One of our clients recently got hit by a ransomware attack, and we decided to share some information about this malware.
What is Ransomware?
Ransomware is a type of malicious software cybercriminals use to block you from accessing your data. The digital extortionists encrypt the files on your system, add extensions to the attacked data and hold it "hostage" until the demanded ransom is paid.
How does Ransomware Enter Your System?
Ransomware enters your network in various ways; the most popular is downloading via a spam email attachment. The download then launches the ransomware program that attacks your system. Other forms of entry include social engineering, downloads of malicious software from the web that can be direct from a site or clicking on "malvertising," fake ads that unleash the ransomware. The malware also spreads through chat messages or even removable USB drives.
How to Protect Yourself?
There are several preventive steps you can take to prevent ransomware infection. These steps are, of course, good security practices in general, so following them improves your defences from all sorts of attacks:
- Keep your operating system patched and up-to-date to ensure you have fewer vulnerabilities to exploit.
- Do not install software or give it administrative privileges unless you know exactly what it is and what it does.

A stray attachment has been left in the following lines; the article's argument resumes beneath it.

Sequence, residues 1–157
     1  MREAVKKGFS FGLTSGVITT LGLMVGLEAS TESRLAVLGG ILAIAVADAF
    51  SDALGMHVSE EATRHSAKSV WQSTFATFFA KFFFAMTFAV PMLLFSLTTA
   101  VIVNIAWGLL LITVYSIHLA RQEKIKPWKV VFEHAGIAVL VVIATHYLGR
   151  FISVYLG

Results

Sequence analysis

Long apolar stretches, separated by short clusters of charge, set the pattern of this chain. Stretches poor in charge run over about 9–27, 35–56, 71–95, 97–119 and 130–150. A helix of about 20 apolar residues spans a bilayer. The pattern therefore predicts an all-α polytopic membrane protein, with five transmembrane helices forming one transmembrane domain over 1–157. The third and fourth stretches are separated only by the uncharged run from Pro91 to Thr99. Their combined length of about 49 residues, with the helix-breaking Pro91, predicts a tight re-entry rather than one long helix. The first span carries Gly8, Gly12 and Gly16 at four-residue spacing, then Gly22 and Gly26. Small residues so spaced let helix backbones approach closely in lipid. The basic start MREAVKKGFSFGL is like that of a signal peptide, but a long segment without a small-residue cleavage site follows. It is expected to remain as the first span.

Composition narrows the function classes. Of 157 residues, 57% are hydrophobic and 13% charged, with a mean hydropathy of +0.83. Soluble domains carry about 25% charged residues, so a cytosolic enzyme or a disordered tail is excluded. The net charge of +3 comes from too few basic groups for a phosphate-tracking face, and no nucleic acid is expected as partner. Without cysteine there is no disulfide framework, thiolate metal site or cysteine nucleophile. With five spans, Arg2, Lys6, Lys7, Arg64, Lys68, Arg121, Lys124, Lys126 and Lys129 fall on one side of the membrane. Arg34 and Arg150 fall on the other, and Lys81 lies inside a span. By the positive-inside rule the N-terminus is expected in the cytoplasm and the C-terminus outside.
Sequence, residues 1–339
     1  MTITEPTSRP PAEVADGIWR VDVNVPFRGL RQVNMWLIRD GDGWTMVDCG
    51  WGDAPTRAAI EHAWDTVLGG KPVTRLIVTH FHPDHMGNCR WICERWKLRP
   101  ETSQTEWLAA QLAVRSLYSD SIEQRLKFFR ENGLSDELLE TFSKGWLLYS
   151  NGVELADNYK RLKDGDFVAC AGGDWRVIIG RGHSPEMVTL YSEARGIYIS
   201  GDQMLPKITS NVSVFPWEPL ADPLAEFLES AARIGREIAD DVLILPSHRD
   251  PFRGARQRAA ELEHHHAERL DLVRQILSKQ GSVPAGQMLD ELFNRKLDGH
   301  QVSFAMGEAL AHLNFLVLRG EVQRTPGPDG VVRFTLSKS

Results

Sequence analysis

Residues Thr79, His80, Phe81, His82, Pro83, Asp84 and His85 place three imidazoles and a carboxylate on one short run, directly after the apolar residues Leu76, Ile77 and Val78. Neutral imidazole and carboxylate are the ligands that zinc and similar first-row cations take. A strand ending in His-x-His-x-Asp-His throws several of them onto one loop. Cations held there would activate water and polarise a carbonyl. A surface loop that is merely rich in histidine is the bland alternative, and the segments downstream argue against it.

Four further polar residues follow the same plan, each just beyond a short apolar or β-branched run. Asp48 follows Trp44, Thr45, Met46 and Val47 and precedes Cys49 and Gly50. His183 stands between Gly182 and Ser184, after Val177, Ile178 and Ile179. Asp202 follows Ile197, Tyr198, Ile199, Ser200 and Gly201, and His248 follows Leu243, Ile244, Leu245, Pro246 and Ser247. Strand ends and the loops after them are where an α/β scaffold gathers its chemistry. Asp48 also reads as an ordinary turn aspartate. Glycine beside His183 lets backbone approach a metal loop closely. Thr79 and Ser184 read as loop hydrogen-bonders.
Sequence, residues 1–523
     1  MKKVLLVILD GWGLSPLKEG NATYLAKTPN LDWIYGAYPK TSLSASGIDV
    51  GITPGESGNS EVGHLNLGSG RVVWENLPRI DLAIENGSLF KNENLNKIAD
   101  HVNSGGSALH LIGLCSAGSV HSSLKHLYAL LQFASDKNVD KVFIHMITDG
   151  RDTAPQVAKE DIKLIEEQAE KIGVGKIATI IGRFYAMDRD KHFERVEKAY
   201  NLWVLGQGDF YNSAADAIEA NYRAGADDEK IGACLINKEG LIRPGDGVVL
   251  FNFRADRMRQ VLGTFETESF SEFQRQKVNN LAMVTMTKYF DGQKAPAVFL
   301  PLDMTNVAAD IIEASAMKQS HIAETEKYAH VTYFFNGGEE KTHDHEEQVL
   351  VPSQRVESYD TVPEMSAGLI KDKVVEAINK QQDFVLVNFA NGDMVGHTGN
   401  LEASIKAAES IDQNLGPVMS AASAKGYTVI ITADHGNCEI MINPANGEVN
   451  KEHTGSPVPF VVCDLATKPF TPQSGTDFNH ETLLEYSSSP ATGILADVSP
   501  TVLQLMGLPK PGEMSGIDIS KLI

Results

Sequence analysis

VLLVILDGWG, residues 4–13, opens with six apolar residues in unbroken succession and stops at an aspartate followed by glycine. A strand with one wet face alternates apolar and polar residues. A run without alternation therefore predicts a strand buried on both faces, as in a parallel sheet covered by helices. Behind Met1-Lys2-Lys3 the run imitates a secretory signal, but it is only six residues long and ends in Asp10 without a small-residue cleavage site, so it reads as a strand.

- Install antivirus software, which detects malicious programs like ransomware as they arrive, and whitelisting software prevents unauthorized applications from executing in the first place.
- Always be suspicious of uninvited documents sent in emails and never click on links inside such emails or documents unless you have verified the source.
- And, of course, back up your files frequently and automatically! That will not stop a malware attack, but it can make the damage caused by one much less significant.
When using cloud backup solutions, you need to understand that ransomware can infect your cloud storage. The reason is that most systems will sync/copy your files from your computer to the cloud.
This is where versioning comes in; the idea is that existing versions of your data are immutable. Since they cannot change, any modification is going to result in a new version. Versioning is, thus, an advantage against ransomware because the encryption attack is effectively going to result in a new version of your infected files.
Yet, not all cloud storage solutions have versioning, or versioning may not be turned on. So we recommend that you verify this with your cloud storage provider.
There are several backup solutions available; some are even free:
- Google Drive
- Microsoft One Drive
- Windows File History
How to Remove Ransomware?
If ransomware infects your computer, you will need to regain control of your machine.
Do not pay the ransom. Keep in mind; you may not get your files back even if you pay a ransom. A cybercriminal could ask you to pay again and again, extorting money from you but never releasing your data. We suggest you contact an IT specialist to assist you with this.
With new ransomware variants appearing, it is a good idea to do what you can to minimize your exposure. Knowing what ransomware is and following these dos and don'ts can help protect your data and personal information from being ransomware's next target.